Reality always asserts itself in the end, but it is the nature of people to prefer an appealing fiction in the meantime. Exploiting this well known human failing is called “framing the issues” or “messaging” in political parlance, and lately the left has been doing even more than the usual amount of framing and messaging.
Consider the curious case of the debt ceiling. Any discussion of the debt ceiling should begin with an understanding that term refers to the amount of money the government has limited itself to borrowing, and that raising it therefore allows the government to add to its $16 trillion debt. There should also be a general agreement that if the government continues to borrow another trillion or every nine months or so the debt will eventually reach a point where reality asserts itself with a ruthless vengeance, but apparently the fiction that such profligacy can go on forever is too appealing to resist. The president can therefore tell the nation’s press that raising the debt ceiling is simply a matter of “paying America’s bills,” which he implies were racked up by spendthrift Republicans over his penny-pinching objections, and the assembled reporters do not break into howls of derisive laughter. He can even go on to assert that failing to go an undisclosed number of trillions further into debt would be the height of fiscal irresponsibility, and do so not only with a straight face but a rather stern and indignant one.
There is no basis in legal or economic reality for the assertion that failing to raise the debt ceiling will inevitably result in America defaulting on its obligations, but it is unavoidably true that getting by without further borrowing will require deep and painful budget cuts, massive tax hikes reaching far into the pockets of the middle class, or a politically toxic combination of the two. Something untrue is obviously preferable to that sobering conclusion, so the president can safely assume that much of public will be easily persuaded that it would be imprudent not to rack up at least another couple trillion of debt.
Similarly nonsensical messages have been sent on the much-discussed matter of guns. Some of the assertions can be charitably described as debatable, but others have been flatly false. The current president’s claims about the number of unregulated gun sales is provably false, and former president Bill Clinton’s whopper about the incidence of mass killings is so conspicuously at odds with reality that even the Washington Post’s fact-checkers were compelled to say so. Such falsehoods are easily forgiven, though, because they serve a soothing argument that the government can protect all of its people from the tragedies that have always afflicted humankind. Anyone who publicly doubts this tale, and insists that the government allow individuals the means to defend themselves, is just as easily portrayed as a child-hating gun nut.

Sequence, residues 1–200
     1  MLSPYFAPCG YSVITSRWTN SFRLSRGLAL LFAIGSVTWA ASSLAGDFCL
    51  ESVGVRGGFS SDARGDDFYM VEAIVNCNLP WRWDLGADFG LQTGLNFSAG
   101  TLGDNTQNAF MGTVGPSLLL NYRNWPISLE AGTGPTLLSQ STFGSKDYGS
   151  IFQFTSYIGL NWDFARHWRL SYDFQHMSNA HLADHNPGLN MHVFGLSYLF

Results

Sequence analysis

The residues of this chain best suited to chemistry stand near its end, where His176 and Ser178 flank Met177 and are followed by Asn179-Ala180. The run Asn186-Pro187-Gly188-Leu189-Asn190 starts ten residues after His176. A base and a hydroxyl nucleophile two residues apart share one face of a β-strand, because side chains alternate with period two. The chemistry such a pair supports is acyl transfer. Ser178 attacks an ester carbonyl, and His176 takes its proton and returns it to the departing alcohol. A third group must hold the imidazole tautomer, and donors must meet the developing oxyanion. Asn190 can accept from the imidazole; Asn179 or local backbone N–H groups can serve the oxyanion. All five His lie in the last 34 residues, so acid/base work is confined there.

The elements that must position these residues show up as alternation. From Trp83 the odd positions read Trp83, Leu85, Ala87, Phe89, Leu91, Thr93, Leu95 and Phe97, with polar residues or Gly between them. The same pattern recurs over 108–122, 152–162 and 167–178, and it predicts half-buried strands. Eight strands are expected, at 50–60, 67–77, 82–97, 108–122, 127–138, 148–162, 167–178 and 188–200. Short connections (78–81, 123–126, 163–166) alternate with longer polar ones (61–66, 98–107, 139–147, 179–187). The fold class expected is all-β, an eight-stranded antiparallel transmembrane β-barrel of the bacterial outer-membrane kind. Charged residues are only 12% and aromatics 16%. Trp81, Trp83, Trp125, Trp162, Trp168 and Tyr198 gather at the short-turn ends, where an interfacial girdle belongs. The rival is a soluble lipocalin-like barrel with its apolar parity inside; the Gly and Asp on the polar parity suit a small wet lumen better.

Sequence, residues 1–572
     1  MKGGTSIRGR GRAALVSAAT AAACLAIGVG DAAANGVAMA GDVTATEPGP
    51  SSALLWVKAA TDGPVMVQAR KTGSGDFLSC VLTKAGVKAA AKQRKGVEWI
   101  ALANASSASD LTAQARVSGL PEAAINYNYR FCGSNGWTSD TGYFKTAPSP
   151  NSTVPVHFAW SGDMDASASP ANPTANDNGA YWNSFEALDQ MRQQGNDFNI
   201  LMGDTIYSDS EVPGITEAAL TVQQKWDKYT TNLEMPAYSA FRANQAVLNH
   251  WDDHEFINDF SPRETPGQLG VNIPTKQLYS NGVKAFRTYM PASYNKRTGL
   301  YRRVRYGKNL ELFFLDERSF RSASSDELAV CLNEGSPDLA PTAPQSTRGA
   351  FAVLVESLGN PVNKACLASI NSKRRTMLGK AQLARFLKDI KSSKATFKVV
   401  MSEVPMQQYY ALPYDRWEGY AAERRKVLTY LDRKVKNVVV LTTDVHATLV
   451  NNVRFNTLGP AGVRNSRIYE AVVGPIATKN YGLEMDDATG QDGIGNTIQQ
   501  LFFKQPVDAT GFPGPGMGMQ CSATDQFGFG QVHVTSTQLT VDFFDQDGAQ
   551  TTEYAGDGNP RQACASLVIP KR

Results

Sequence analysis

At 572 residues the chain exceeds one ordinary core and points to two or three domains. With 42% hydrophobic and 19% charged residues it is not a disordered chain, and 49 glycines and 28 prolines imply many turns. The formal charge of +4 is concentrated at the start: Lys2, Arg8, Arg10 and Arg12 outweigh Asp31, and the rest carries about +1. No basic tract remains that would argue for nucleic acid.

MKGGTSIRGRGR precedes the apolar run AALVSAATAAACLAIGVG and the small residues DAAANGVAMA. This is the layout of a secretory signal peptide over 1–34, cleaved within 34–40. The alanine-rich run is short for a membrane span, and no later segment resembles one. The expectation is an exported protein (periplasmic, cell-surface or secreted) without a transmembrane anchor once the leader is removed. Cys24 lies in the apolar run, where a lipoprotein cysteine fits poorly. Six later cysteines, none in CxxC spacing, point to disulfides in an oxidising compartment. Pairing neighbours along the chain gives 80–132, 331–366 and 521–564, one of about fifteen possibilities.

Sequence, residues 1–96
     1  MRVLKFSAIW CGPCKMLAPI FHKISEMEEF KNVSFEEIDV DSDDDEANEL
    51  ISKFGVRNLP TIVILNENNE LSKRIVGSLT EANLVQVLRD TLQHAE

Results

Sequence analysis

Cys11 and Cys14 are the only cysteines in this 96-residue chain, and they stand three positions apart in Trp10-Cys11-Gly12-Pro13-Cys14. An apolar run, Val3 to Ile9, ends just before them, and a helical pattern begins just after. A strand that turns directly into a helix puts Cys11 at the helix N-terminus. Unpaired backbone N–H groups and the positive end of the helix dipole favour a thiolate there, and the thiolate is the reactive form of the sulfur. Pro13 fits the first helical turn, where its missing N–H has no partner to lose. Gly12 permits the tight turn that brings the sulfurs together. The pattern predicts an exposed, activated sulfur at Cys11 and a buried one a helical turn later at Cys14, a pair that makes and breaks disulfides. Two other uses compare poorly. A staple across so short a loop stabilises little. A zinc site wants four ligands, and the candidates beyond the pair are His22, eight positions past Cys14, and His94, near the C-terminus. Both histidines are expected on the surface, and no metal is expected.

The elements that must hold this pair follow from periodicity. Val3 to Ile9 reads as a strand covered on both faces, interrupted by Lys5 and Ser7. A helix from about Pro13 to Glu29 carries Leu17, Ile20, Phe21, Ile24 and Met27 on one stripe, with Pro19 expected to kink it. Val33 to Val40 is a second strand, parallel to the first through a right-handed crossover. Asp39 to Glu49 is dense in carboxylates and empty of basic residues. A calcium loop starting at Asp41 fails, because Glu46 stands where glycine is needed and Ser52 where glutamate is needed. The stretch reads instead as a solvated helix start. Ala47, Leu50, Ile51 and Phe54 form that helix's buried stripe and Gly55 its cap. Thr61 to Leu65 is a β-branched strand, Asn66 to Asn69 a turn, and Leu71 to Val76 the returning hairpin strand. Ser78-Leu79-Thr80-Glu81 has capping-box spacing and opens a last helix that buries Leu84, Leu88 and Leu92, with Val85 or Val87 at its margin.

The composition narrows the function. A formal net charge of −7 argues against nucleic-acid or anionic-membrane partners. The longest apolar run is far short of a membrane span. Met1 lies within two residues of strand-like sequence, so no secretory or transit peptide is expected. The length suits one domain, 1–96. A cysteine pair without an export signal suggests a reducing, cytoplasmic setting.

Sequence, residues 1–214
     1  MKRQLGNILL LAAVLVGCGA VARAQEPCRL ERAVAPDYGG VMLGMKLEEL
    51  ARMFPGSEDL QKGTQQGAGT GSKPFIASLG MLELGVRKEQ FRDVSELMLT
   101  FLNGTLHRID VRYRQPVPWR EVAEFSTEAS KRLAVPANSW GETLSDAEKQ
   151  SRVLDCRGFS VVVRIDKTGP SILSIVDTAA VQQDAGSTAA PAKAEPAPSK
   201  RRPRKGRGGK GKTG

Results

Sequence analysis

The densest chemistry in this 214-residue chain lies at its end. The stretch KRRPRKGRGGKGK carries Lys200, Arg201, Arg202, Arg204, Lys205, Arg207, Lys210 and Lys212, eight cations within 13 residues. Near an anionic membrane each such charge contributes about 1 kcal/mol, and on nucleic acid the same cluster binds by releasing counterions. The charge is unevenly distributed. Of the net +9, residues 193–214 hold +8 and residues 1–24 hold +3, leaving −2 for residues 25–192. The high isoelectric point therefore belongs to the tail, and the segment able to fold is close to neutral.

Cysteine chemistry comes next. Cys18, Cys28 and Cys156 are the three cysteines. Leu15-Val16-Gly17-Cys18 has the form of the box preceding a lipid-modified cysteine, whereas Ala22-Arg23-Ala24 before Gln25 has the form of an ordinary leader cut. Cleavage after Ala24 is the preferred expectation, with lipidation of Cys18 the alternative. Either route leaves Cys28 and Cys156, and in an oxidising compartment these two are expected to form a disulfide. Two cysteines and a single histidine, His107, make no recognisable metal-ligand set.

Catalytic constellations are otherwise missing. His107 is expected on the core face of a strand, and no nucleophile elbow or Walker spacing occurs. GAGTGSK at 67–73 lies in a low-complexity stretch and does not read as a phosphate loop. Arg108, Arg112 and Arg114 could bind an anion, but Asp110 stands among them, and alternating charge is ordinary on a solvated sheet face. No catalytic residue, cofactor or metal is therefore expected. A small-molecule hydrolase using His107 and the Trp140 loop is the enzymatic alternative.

Conservatives are constantly in search of messages that will frame these sorts of issues in ways that will win the support of the average American, but they are at a natural disadvantage. Numerous pundits have offered suggestions about how the Republicans should talk about the debt ceiling, but anything other than blunt truth abut the hard choices facing the country would betray conservative principles. A friend of ours has shrewdly suggested that the Republicans speak of guns as a feminist issue, standing foursquare for a woman’s right to shoot a would-be rapist not only as a pro-gun rationale but also an effective rebuttal of the party’s sexist image, but even that compelling argument is unlikely to be effective against the less troublesome option of letting the government take care of things.
The fantastical nature of the left’s well-framed messages will sooner or later be revealed, of course, but that will only lead to more framing and more messaging. It will be explained that the country went broke because those parsimonious Republicans didn’t allow the president to borrow even more, that the next murderous outburst by an undetected lunatic occurred only because only because law-abiding gun owners hadn’t been denied of their rights, and that government still isn’t sufficiently empowered. Some people will feel obliged to state things more frankly, but they shouldn’t expect it to do much good.
– Bud Norman